3 Things NOT to do When Listening

You’re going to see a common theme in all my stuff for the next little bit. And it all has to do with listening. In the most recent post, I talked about three things you should do to listen actively. Today, I’m going to talk to you about three things you should not do.

The Problem

In case you haven’t figured it out yet, we’re going to be doing a lot of talking about listening for the next little bit because I believe that it’s a significant problem.  A problem that is manifesting itself in current events, but also for some of us, a lack of production. See, here’s the thing. We are so concerned about going out and letting everybody see how smart we are that we don’t realize  sitting back and listening and asking intelligent questions wins way more than vomiting information all over the table ever will. Today, I want to talk to you about three things you can do to make sure that you are listening appropriately. And these three things aren’t things you actively should be doing. They’re things you actively should not be doing.

Don’t Get Distracted

The first one is you have to make sure that you are not distracted. We are in an era where it is easy for us to get distracted, phones, watches, all kinds of things. Looking around the room, if you are listening to someone, you got to make sure they have 100% of your attention. I can tell you, I never take my phone in to a meeting and lay it on the table or have it in my pocket. I put it on Do Not Disturb, and it goes in my briefcase on the floor, far away from me. I don’t want to be distracted by my phone. Now I need it because I may need to forward an email that has an agent of record letter attached that I prepared before the meeting, but I don’t have it out on the table actively.

Don’t Get Impatient

The second thing is I never wear my watch because I don’t want to be looking at the time. That’s old school sales training. You don’t want to have your watch on looking at it constantly because when somebody is talking, and you’re looking at your watch, they feel like you don’t want to hear what they have to say, which leads me to my second point, which is you can’t be impatient. So many times we ask a question and when somebody gives us an answer, we fidget, we look at our watch or worse, we interrupt. We’re so confident that we know what they’re trying to tell us that we rebut to them before we ever get their full answer out for us to be able to hear. You’ve got to be patient. Sales is as much psychology as it is anything else. Part of that psychology is learning to set your agenda aside and listen to what people are telling you.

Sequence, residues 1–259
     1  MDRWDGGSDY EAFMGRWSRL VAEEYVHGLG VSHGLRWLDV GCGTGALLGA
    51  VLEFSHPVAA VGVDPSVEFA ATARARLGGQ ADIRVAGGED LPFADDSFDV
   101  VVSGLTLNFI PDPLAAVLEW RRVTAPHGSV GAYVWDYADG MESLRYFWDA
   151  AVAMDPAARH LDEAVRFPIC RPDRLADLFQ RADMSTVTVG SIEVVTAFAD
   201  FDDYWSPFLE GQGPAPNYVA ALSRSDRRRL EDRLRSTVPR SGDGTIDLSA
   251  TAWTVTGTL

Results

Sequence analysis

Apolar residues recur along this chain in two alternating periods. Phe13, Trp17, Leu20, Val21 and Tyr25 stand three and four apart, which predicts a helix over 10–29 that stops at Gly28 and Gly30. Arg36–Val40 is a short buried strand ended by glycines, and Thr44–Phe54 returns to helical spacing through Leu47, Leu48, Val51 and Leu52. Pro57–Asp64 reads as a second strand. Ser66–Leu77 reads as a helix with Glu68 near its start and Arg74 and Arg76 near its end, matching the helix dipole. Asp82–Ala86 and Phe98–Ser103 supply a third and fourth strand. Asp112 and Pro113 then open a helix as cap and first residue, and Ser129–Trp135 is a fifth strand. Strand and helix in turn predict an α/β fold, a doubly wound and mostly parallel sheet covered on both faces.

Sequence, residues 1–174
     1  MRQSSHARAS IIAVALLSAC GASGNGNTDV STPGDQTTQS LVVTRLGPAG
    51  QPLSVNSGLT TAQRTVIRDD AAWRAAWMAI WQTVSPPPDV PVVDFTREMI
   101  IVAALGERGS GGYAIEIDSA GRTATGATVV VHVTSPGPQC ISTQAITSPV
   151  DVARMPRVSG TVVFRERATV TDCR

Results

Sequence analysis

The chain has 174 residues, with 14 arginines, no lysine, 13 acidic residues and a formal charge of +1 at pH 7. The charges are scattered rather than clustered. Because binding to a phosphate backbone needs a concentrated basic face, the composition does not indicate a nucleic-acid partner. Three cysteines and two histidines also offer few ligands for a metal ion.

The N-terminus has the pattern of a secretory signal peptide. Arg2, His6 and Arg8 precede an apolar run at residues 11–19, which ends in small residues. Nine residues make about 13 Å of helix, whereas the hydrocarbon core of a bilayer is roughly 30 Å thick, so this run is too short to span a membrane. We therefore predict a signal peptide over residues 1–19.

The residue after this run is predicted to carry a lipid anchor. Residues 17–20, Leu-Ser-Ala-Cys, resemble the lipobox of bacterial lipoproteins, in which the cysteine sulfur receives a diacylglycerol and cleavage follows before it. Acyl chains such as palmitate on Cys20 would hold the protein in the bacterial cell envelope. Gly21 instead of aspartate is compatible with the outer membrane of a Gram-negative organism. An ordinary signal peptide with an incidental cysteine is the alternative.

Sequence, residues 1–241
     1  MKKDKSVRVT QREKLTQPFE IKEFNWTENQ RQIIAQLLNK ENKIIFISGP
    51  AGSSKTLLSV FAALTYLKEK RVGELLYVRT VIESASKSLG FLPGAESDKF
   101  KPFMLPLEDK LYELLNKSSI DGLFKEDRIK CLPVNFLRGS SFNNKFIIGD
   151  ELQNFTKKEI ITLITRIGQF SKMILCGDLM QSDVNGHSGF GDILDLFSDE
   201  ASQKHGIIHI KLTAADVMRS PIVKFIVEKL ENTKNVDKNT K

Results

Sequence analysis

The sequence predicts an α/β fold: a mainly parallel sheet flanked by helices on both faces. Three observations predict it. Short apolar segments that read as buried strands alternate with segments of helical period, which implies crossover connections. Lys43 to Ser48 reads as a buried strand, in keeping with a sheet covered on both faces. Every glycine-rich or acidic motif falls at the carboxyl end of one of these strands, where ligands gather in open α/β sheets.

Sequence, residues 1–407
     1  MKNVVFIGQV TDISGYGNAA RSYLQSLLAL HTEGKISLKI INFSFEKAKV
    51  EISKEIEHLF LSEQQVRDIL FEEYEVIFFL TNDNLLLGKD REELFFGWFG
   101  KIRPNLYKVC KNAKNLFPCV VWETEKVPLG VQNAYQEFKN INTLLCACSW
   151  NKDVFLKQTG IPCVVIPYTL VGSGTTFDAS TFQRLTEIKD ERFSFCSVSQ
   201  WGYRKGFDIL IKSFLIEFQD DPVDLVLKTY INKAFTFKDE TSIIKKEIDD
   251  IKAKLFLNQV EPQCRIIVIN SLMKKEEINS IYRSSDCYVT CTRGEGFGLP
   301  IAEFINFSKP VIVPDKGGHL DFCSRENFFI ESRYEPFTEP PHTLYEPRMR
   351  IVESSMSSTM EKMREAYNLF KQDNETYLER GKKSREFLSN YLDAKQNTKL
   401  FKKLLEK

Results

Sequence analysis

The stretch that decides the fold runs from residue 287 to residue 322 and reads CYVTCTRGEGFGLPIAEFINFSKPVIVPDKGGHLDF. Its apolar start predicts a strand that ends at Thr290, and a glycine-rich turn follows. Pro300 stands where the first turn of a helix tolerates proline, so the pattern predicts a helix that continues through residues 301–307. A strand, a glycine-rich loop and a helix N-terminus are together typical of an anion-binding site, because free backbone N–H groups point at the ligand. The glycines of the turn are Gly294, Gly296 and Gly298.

Don’t Forget the Visual

Here’s the third one, and this one, to me, is the most important. See, people think two ears, one mouth. Listen more than you can speak. Guess what else we have two of? We have two eyes. You have to be a visual listener. There are so many clues that you are given in a meeting when someone’s talking that you miss them if you’re not watching; if you’re not looking at body language; if you’re not watching how they position themselves; if you’re not watching their hand movements and how animated they are when they’re talking about things so you can see what’s bothering them or what gets them excited.

I went through an excellent training when I was in retail. I worked with Target, and one of the things they taught us to do was to notice things about people. I would challenge all of you to go through this exercise at some point. What they did was they took two of us and sat us across a table from each other, and for five minutes, you had a conversation. Your goal was to notice everything you could about that person while you were talking with them. At the end of that five minutes, you went to the hallway. The other person stayed behind, and they were required to modify as many things about their appearance as they could while you were in the hall.

Then, you were brought back in to have another conversation. And during that conversation, it was your job to notice everything you could that changed about that person. Think about that. How successful do you think you would be if you had to go through that exercise? Now think about that as you prepare for prospect meetings because it’s no different. You’re not going to go in the hallway and come back five minutes later and have to notice things that have changed, but you can notice things as you’re actively listening to them, as opposed to completely missing the boat by not visually listening at all. See, we have to become better listeners as parents, as friends, as colleagues and team members, as bosses, as salespeople, and even as buyers. It’s time we take our listing game to the next level. If you can become devoted to entrenching yourself and learning to listen and learn what to do and what not to do, you will kill it in commercial insurance.

Until next time:  Kill or get killed!

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